http://news.aol.com) cites that the majority of Americans (66 percent) think the United States is on the wrong track, though a shift of power in Congress is inspiring some hope for change.">
Leatherneck Publishing's Iraq and Vietnam Conflict Books Honored by the San Diego Library
"Street Fight in Iraq" is one of the most compelling chronicles of the Iraqi conflict and is a best seller in Marine Corps Association bookstores. The language is harsh, the writing brutally honest and the message clear. It's down and dirty and Marines love this book. "An Angel Rode My Wing" has all the elements of any great action novel -- from being shot down over North Vietnam and miraculously surviving, similar to a James Bond adventure, to mysterious and mystical occurrences in life.
Human Rights Group: Israel Police Top Cop Quits After Commission's Verdict
Committee For The Defense of Human Rights: Israel's police commander resigned after a government commission said he ignored ties between senior officers and underworld figures.
Israel Justice Minister Pledges Israel's Support for International Rights and Redress Campaign for Jewish Refugees from Arab Countries
Israel Justice Minister pledges support to over 40 Jewish leaders from 10 countries seeking to secure rights for nearly one million Jews displaced from Arab countries.
Israel Beyond the News; Israeli Consulate in New York City Initiates isRealli.org
Everything you want to know about Israel: The country and its people.
Operation Iraqi Freedom, Soldiers and Their Psyche
Have you noticed that the when the service men who have been killed in action in this war, that the journalists go harass the families and girlfriends or wives of the fallen soldiers? During these interviews I could not help but notice that the infantry warriors killed had girlfriends or wives who were full figured ethnic woman or young ladies. The inner city kind with the tough attitude; Why is this? I have several ideas why.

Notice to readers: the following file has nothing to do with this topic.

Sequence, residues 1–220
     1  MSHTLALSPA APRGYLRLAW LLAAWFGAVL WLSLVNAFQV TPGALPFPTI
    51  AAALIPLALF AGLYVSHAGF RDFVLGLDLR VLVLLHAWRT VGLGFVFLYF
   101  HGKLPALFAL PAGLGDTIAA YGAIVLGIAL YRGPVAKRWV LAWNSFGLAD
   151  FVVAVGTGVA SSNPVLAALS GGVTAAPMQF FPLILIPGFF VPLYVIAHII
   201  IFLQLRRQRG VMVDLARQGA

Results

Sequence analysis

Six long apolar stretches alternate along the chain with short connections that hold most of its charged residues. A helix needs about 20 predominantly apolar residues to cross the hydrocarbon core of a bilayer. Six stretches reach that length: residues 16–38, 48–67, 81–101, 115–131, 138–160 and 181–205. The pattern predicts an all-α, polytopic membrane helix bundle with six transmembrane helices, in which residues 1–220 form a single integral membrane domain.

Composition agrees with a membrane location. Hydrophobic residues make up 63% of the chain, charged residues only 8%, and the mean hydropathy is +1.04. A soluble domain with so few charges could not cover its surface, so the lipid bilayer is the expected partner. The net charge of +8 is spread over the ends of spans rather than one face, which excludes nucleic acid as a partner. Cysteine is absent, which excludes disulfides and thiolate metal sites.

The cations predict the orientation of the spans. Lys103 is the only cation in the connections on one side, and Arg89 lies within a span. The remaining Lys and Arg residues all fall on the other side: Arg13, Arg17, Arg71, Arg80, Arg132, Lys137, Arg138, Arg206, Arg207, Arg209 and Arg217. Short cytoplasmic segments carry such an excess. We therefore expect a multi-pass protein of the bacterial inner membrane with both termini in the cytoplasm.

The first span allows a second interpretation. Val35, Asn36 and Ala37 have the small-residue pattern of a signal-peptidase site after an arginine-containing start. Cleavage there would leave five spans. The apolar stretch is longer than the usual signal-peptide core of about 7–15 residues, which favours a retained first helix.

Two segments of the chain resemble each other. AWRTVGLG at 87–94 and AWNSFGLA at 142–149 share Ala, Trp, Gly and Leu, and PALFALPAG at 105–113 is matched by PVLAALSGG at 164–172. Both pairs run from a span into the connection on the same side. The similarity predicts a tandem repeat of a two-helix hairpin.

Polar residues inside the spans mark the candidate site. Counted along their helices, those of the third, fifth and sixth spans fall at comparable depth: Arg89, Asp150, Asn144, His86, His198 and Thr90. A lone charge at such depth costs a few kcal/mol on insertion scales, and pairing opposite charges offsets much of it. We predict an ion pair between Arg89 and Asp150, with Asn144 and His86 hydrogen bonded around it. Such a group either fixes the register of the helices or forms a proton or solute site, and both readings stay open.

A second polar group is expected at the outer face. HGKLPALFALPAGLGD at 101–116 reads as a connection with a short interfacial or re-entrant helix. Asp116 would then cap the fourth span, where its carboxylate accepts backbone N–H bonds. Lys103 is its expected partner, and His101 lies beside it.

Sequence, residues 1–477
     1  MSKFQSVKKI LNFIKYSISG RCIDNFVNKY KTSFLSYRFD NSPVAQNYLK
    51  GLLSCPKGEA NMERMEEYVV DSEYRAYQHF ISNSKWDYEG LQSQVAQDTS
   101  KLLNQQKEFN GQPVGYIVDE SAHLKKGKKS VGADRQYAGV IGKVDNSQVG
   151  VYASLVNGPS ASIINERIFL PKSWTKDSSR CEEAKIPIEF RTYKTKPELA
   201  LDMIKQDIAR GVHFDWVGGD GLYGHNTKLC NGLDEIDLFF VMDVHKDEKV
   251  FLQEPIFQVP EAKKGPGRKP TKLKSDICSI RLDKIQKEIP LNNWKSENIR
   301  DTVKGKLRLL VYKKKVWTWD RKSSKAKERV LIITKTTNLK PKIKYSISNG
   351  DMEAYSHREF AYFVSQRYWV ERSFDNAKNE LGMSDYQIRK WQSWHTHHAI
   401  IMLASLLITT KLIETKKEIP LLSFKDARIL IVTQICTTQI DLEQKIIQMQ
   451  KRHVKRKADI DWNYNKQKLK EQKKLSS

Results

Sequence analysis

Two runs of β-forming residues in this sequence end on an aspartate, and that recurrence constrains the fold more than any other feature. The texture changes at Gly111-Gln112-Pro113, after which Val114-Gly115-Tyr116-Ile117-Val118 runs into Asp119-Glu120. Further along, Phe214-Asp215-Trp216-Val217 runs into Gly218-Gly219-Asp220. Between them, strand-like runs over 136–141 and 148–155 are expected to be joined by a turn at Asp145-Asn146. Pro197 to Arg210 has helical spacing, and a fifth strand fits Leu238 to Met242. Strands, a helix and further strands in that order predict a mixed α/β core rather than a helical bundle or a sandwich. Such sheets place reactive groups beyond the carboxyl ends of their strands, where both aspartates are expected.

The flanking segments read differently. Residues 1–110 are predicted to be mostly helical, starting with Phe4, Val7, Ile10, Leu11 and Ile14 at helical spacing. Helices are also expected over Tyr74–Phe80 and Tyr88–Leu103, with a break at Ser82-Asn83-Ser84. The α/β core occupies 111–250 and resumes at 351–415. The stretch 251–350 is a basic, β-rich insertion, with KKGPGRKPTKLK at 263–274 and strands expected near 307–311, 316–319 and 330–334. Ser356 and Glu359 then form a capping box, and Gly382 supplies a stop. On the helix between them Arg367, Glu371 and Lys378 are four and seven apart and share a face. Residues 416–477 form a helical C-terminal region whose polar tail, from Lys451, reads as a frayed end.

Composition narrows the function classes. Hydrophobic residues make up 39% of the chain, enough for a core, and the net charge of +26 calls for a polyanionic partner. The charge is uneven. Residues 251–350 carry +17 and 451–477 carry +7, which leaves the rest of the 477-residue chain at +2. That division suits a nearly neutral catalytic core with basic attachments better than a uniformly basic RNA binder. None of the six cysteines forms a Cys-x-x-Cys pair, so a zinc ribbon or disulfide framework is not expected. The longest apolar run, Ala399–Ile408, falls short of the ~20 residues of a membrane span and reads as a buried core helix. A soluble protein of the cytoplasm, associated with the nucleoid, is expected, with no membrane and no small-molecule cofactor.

As survey takers rated the issues that they most care about, the situation in Iraq, health care and the economy topped the list, with Iraq proving to be the most important, earning 24 percent of the vote. Sixty-seven percent of Americans oppose President Bush's recent move to increase American troops in Iraq, and 63 percent do not believe the troop increase will help stabilize the situation.
In fact, Americans say they are not satisfied with either political party's approach to the situation in Iraq. Although half of survey participants think the Democrats would do a better job of handling the situation in Iraq than would Republicans, only 34 percent think the Democrats have a plan on how to do so. On the other hand, more than half (52 percent) believe the Bush administration does have a plan, but 65 percent disapprove of Bush's handling of the situation.
When asked whether President Bush and Democrats in Congress can work together to solve the country's problems, 60 percent are now doubtful, compared to the 47 percent who, in a poll conducted right after the mid-term elections, originally expressed confidence in their ability to work collaboratively. However, 42 percent of most recent survey participants think the country will be better off now that the Democrats have assumed control of Congress.
Comparative data from previous polls indicates that congressional job approval is slowly trending upwards, with Congress approval ratings increasing from 25 percent prior to November 2006 elections to a current 34 percent. More notably, surveyed Americans give first madam House Speaker Nancy Pelosi a 51 percent job approval rating.
President Bush earns a low 36 percent job approval rating, up slightly from 32 percent last week but down from his 40 percent rating this time last year. Despite his low approval rating, 53 percent of Americans say Bush is likeable, 58 percent say he is decisive and 59 percent say he is strong. However, less than half (44 percent) think Bush is honest and only 49 percent think he is ethical.
The AP-AOL poll of 1,005 adults was conducted by telephone January 16-18, 2007 by Ipsos, an international public opinion research company. The margin of sampling error is plus or minus 3.1 percentage points for all adults.
About The Associated Press
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